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4 Materials Never Cut With a Laser Machine

Cutting items is always a troublesome task. The balance between speed and proper, clean cuts is often hard to balance out. Factor in the difficulty of cutting some tougher materials and you just received a huge pile of concerns on top of any actual cutting you have to do. Thankfully, the more effective and speedy cutters are becoming more affordable by the day, affording a clean cut at an acceptable cost.

The field of laser machine cutters is a varied one, varying from simple models capable of home use to complex machinery utilized in elaborate processes across different industries. Laser cutters excel at proper cutting of fine materials, tough substances, and plentiful other matter. The more common ones can be applied to wood, acrylic, cardboard, and paper while the fancier ones can penetrate metal with ease.

The biggest difference is often in the intensity of their laser which dictates the penetrative power of the item. Despite a wide array of materials that can be cut with the item, we should be even more cautious of those that can’t or won’t properly cut. Not only will an attempt at cutting them result in an inferior cut that may ruin the material itself, but it can also endanger your health. These materials jeopardize both the quality and safety of your work.

The quality is always important as improper segments of a project may easily cause the whole thing to fall in on itself, both figuratively and literally. Safety is a very important aspect of any work no matter whether you are on the clock or doing your own projects in the shed. Therefore, we’ve assembled a list of items that you should watch out for.

1. PVC

Source: thoughtco.com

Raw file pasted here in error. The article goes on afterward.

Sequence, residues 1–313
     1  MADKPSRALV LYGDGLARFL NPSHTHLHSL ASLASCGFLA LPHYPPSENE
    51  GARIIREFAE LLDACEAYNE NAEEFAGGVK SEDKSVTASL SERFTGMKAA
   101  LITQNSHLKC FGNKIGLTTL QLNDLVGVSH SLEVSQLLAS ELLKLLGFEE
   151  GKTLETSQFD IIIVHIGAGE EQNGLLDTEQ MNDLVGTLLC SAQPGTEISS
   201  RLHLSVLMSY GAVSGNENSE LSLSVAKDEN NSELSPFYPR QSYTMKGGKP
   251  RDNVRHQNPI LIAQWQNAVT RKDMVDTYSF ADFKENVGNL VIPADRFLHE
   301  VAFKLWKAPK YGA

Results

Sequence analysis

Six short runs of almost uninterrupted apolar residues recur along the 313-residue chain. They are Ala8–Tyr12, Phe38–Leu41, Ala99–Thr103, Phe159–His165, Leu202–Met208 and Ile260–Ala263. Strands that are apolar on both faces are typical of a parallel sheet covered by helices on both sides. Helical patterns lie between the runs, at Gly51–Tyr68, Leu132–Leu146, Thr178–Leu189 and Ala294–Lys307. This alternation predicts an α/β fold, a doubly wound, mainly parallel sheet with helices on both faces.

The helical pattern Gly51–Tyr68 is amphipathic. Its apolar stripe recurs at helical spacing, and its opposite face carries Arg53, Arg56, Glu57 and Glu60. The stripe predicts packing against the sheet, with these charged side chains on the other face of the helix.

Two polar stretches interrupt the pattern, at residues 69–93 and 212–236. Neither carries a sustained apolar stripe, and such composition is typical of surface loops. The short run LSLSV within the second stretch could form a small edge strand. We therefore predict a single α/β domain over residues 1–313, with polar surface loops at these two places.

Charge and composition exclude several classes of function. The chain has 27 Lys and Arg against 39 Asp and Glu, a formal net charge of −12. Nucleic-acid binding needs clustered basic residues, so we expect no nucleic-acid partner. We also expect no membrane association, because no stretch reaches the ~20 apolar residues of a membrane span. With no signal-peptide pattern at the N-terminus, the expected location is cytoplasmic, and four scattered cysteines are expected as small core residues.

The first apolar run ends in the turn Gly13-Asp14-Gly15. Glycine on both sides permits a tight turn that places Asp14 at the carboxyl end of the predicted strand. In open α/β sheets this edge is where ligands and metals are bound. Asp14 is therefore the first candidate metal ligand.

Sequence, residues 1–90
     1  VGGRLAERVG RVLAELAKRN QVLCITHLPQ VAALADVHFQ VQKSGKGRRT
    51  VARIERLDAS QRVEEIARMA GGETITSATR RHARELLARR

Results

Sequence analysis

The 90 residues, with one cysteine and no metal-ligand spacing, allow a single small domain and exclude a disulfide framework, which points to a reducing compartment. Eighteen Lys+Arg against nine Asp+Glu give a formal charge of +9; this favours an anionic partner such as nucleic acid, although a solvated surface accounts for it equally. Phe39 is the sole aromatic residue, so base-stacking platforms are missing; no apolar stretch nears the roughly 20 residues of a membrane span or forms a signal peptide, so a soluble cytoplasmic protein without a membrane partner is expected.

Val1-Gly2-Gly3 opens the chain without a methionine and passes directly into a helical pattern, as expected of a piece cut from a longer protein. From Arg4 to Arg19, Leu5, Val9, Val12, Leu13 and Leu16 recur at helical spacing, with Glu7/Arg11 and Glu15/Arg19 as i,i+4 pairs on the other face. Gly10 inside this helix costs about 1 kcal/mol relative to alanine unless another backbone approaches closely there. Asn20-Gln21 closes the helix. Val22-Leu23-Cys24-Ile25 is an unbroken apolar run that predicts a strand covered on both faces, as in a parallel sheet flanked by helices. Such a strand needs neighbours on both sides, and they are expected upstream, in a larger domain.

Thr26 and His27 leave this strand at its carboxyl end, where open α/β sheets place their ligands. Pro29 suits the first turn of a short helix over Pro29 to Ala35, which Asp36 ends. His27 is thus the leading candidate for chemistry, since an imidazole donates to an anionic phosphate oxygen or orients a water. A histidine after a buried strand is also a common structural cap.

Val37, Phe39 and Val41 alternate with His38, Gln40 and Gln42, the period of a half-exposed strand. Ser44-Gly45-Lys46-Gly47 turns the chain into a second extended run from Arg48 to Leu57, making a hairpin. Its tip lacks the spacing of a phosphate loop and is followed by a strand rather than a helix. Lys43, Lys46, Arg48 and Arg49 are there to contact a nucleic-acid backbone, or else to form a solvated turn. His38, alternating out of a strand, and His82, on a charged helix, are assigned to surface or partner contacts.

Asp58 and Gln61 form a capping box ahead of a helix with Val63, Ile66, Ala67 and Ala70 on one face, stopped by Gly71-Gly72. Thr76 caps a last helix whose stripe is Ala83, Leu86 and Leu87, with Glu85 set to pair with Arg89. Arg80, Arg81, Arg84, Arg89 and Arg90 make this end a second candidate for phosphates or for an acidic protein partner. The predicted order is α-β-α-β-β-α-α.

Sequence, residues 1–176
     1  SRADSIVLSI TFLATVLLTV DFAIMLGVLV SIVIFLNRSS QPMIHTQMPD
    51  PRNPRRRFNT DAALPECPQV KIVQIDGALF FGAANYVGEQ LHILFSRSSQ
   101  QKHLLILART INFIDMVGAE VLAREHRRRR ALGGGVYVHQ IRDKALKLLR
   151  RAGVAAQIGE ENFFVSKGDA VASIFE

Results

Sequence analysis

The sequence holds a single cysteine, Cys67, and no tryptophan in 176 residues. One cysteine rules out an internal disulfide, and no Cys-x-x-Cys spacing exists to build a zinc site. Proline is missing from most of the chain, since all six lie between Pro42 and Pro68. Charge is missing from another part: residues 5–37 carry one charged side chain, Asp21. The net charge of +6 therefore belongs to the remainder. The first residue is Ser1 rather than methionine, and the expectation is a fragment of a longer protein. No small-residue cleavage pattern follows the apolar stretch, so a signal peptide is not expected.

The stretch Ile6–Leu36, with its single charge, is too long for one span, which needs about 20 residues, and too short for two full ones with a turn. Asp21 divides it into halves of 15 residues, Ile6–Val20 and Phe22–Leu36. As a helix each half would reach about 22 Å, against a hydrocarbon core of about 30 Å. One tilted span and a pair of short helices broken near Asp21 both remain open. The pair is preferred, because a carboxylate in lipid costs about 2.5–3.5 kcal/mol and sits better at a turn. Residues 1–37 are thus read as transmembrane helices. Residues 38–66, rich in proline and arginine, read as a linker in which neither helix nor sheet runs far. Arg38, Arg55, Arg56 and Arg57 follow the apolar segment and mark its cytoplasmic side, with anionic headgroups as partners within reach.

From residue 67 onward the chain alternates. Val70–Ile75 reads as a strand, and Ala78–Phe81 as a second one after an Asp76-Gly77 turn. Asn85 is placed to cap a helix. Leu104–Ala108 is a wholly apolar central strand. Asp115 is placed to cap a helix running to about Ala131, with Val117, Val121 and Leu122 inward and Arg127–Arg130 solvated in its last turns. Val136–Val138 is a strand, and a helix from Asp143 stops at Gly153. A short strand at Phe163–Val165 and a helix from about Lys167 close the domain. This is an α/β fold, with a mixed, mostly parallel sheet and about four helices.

First on the list is PVC, Poly Vinyl Chloride. This is the type of material you see everywhere nowadays. The most frequent appearance is as windows and doors, due to some incredible isolating properties. Their application in drainage and water service pipes is another common as well as the apparent utility of this material.

Wherever you live it’s likely you have some parts of your house isolated by PVC and at times those may require alterations or proper fixes. If you plan to fix up your PVC items and need to cut something stay away from laser cutters. The reason is that cutting PVC releases chlorine gas. Chlorine gas is extremely dangerous and fumes resulting from cutting PVC can harm both you and the machine.

If the person exposes themselves to a higher concentration of chlorine gas for half an hour or less depending on the concentration, the results can be fatal. Apart from fatal effects, the number of clinical issues incurred by short-term exposure is long and not worth the risk. On top of personal health risks, the machine you are using will most likely have its optics ruined and the metal of the machine will start to corrode. It’s much safer and fruitful to simply cut PVC using mechanical means.

What’s fine to cut

As we’ve already noted there are some very prominent items you can cut without any issues. However, even when cutting them you should be careful. Sure, cardboard and paper will cut just fine, unless they are too flammable in which case you should avoid them, but some tougher materials need proper preparation.

Wood is a clear example and wood laser cutting is something you should learn more about before applying it. The same goes for metals as these can afford not only high resistance but have unique difficulties when being cut. This can vary from cuts being odd, metal compromising its shape, and many more. Ceramic and such items are very easy to treat with a laser cutter but only if its intensity is considerable enough otherwise you may cause damage to the material or the machine itself.